Inspired to Do Good & Change the World: Tori Utley has What it takes to be a Successful Entrepreneuer

“Always remember that you are capable. There is no handbook that says who is or is not eligible of having an idea that could change the world. It could be you, and move forward with the excitement and confidence that it is you,” says Tori Utley. 

Increasingly, women are turning their dreams into reality, building and running prosperous businesses from the ground up. National role models like Melinda Gates, Oprah Winfrey and Beyoncé are influencing, inspiring and shaping the world. Entrepreneur Barbie doll—complete with her own tablet, smartphone and Twitter chats—is a model of empowerment for girls. And locally, 22-year-old Tori Utley is climbing up the ladder of entrepreneurial success, rung by rung, building on strong principles that will help her change
the world.


A Rochester-area native, Utley attended post-secondary school at Rochester Community and Technical College. She completed her Bachelor of Science in Psychology and Addiction Studiesand Master of Business Administration through Liberty University by the age of 21. Now, driven to do more, she is pursuing innovative endeavors. 

“As an entrepreneur, I work jointly in the fields of addiction recovery, philanthropy and technology innovation,” says Utley, who ambitiously is leading two startup companies.


She is founder and executive director of More Than An Addict, a nonprofit organization that promotes education, employment and entrepreneurship for individuals in recovery from addiction. She also is working toward short-term services for those placed on wait lists for residential treatment or halfway housing to keep them “safe, sober, now.” On top of this, she serves as founder and CEO of Tinua, an early-stage startup tech and social venture company that seeks to reduce monetary waste to impact the world on a global level.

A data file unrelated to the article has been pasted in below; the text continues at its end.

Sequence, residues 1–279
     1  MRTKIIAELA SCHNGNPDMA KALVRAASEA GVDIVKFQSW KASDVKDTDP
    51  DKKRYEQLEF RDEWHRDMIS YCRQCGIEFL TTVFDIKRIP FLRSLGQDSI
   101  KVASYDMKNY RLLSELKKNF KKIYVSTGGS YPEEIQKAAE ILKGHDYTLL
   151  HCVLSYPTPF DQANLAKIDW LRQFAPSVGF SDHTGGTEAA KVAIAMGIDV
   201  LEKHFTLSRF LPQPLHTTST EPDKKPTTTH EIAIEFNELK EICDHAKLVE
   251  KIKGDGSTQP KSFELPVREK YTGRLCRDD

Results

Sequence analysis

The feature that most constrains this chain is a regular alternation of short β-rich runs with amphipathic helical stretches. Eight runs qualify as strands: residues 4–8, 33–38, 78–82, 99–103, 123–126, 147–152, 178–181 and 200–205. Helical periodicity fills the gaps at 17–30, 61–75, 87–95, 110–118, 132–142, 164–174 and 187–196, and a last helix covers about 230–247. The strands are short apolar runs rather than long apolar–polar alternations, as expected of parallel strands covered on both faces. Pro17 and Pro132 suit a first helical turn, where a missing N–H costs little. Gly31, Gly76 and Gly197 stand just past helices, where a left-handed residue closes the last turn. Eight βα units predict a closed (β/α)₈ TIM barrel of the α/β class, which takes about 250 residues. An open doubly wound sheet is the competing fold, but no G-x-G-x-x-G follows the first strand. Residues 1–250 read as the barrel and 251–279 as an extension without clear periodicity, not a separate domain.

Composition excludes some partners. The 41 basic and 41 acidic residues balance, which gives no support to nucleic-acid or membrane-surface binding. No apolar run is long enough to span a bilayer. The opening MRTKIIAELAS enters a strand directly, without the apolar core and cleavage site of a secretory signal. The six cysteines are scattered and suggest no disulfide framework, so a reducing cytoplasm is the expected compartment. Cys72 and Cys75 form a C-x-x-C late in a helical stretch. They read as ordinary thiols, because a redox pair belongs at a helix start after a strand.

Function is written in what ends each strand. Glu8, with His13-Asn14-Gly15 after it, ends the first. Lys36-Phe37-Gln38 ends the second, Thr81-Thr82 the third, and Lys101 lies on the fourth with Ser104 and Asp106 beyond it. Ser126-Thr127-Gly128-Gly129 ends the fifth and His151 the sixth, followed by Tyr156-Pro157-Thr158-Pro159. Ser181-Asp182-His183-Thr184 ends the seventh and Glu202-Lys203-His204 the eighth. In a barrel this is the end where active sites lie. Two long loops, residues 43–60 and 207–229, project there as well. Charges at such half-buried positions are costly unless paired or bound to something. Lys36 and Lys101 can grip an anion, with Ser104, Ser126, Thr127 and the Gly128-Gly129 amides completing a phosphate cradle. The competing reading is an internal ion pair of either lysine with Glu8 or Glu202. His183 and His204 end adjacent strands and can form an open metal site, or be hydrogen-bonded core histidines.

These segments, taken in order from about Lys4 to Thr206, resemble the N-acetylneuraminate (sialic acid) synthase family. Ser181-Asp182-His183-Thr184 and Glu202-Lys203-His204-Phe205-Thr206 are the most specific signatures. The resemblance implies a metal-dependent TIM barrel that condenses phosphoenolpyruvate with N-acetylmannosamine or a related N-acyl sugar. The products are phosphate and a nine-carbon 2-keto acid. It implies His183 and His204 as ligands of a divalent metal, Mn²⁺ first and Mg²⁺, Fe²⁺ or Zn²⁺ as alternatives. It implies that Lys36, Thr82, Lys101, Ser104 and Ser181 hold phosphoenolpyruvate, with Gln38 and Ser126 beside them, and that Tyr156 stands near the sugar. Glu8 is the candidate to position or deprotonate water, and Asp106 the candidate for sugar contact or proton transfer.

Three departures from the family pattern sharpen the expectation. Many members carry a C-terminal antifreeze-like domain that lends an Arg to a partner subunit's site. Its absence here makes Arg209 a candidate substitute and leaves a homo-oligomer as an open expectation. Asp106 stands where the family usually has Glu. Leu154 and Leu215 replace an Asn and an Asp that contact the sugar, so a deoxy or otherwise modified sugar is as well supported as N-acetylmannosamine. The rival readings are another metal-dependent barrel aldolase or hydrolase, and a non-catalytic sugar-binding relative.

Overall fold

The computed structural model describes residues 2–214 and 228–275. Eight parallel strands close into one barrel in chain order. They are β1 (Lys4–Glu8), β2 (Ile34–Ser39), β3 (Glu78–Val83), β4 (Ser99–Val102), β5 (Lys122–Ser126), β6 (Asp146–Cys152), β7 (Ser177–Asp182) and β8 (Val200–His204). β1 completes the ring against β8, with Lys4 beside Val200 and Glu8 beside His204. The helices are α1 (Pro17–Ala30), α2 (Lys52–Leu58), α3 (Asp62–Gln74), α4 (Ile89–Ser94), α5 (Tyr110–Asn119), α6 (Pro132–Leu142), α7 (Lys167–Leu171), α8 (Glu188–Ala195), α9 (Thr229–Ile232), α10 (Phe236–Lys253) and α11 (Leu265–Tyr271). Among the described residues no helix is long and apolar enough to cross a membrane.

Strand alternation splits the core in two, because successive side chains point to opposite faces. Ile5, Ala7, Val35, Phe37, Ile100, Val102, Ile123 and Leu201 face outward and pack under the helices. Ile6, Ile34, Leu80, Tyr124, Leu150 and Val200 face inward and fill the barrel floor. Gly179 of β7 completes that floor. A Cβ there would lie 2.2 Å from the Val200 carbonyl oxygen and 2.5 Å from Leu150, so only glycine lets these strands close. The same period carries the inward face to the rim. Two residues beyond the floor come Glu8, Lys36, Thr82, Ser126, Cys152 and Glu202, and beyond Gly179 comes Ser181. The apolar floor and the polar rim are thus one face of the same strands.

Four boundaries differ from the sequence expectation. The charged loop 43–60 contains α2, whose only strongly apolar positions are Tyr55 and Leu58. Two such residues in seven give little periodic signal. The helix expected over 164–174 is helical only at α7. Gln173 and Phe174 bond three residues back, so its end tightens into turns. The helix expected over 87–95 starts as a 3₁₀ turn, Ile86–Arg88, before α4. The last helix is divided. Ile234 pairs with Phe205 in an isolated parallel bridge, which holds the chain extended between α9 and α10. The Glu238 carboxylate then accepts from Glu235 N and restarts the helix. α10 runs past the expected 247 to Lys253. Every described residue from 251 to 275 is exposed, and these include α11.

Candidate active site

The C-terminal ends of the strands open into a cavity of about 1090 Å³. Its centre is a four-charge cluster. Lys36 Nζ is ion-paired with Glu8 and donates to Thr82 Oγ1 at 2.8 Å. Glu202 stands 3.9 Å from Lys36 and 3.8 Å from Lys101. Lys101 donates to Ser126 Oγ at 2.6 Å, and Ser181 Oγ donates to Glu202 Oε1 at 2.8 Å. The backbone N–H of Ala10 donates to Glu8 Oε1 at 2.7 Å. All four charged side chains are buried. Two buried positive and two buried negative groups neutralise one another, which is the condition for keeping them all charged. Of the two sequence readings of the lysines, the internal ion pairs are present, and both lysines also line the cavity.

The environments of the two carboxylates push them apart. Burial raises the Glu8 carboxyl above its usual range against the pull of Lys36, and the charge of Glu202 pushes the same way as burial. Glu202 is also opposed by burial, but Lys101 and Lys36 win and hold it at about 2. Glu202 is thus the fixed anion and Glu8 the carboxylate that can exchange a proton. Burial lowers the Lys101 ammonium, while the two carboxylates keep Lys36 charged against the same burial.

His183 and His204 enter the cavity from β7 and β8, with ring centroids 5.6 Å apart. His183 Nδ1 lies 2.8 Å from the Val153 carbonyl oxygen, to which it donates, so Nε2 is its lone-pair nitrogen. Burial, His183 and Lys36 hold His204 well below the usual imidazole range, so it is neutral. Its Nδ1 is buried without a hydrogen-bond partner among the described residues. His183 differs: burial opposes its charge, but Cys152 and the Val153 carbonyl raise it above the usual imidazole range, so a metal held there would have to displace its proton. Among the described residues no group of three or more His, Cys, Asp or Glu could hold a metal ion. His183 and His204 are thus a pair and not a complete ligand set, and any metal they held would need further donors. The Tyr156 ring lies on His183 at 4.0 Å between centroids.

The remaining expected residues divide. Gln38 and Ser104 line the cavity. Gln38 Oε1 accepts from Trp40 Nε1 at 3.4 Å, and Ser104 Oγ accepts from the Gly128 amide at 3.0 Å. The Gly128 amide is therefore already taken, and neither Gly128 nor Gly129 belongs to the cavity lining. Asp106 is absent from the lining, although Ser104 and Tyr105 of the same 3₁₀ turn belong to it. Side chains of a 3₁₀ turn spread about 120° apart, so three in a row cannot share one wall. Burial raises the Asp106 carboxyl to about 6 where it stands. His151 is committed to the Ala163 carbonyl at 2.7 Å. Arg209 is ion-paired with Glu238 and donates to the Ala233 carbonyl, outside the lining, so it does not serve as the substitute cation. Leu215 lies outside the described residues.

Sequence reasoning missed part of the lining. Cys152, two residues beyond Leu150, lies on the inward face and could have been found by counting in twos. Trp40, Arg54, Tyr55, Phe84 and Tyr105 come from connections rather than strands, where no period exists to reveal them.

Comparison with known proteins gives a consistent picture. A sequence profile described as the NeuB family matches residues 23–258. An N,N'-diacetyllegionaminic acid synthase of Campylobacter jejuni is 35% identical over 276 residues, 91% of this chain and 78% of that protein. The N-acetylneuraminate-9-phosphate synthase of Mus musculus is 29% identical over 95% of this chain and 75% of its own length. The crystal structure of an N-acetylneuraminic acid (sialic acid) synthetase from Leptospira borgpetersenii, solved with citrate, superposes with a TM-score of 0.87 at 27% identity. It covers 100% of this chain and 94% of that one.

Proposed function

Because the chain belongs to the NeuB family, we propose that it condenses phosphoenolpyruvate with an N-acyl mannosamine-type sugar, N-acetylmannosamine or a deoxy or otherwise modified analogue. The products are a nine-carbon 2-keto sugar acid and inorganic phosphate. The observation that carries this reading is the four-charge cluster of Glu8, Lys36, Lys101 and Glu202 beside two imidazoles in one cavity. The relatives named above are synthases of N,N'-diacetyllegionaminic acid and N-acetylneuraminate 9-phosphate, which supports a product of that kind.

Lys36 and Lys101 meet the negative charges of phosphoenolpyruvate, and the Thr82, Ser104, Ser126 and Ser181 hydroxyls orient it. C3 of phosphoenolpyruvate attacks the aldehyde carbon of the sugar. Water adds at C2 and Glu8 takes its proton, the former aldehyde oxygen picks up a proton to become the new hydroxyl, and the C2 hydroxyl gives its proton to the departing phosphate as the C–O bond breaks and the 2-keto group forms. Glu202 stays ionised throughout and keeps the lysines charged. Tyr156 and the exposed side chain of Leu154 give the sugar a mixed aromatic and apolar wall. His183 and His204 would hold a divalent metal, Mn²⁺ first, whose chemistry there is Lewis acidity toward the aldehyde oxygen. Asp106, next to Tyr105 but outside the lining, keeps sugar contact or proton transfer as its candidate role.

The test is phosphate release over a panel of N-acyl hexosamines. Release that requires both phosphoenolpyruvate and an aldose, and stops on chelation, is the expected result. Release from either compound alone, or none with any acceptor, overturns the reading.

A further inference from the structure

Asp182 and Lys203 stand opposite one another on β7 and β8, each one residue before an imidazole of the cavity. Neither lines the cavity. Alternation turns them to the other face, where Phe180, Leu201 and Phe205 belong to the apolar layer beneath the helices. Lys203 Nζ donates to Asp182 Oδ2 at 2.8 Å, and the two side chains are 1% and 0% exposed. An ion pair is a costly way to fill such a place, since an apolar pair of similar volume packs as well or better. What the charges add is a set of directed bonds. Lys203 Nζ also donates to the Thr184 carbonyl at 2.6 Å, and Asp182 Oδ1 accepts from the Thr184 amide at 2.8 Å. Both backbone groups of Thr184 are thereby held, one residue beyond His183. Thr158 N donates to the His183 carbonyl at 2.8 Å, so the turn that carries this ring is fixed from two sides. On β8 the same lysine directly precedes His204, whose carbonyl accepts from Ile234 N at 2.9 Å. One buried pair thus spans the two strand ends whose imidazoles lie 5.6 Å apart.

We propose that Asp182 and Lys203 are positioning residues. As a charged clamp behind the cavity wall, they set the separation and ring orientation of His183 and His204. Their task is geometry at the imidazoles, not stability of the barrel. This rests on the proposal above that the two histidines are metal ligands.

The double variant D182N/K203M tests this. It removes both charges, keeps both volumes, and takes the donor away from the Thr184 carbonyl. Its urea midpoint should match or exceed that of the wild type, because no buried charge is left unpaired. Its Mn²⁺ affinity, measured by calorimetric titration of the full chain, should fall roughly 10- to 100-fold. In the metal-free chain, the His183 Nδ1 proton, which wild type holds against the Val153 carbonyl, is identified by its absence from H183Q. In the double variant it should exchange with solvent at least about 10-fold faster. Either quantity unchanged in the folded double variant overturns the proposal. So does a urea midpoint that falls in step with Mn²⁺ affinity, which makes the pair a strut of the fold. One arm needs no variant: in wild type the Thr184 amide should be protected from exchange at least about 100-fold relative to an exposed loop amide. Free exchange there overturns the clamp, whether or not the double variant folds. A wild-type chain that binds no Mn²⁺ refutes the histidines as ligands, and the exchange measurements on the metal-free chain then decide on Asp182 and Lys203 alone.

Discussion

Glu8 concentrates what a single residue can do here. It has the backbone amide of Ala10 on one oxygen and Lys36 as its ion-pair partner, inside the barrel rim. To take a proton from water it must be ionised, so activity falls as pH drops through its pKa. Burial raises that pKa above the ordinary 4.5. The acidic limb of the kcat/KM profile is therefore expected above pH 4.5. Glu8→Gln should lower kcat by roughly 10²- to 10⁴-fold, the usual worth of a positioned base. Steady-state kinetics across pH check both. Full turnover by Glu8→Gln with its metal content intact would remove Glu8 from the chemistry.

“I get my inspiration from my faith in God and the desire to do good for the world,” says Utley. “Every day we are faced with need locally, nationally and globally. I want to be the kind of person that sees a problem and solves it.”


“In my experience, credibility and partnerships develop as I step out of my comfort zone and commit to being teachable,” she says. “Sometimes taking a risk to put yourself—and your ideas—out there can be one of the most effective ways to learn, network and grow your idea into a tangible business.” 

“I’ll never have all of the answers,” she says. “Asking for help and being honest when I am unsure about what to do are critical values to being a good leader and making the best decisions for a project or company.”


Utley pushes toward the promise of helping others. “Grit, determination and passion, as well as incredible mentors, have helped me get to where I am today,” she says. 

Recognized for her aspirations and accomplishments, Tori attended the Forbes Under 30 Summit in 2014 and 2015 and presented at Mayo Clinic’s Transform Conference in 2015. “These experiences were incredibly valuable and allowed me to speak about my companies and my passions.” 


“In addition to my entrepreneurial endeavors, I have been blessed with an exciting, fulfilling career at Mayo Clinic, where I have learned so much about leadership and working with purpose,” says Utley. “I would not be where I am today without the mentors, experiences and opportunities Mayo Clinic has given me.”

She also works with Mission 21, an anti-human trafficking organization. “When you love all that you do, it really doesn’t feel like work. Outside of work, I love to play music and spend time with friends and family,” she adds.

Truly, Tori Utley has what it takes to be a successful entrepreneur and change the world—including a tablet, smartphone, Twitter accounts and website ( She feeds her soul by doing good work and leads forward with excitement and confidence. 

Trish Amundson is a Rochester-area freelance writer.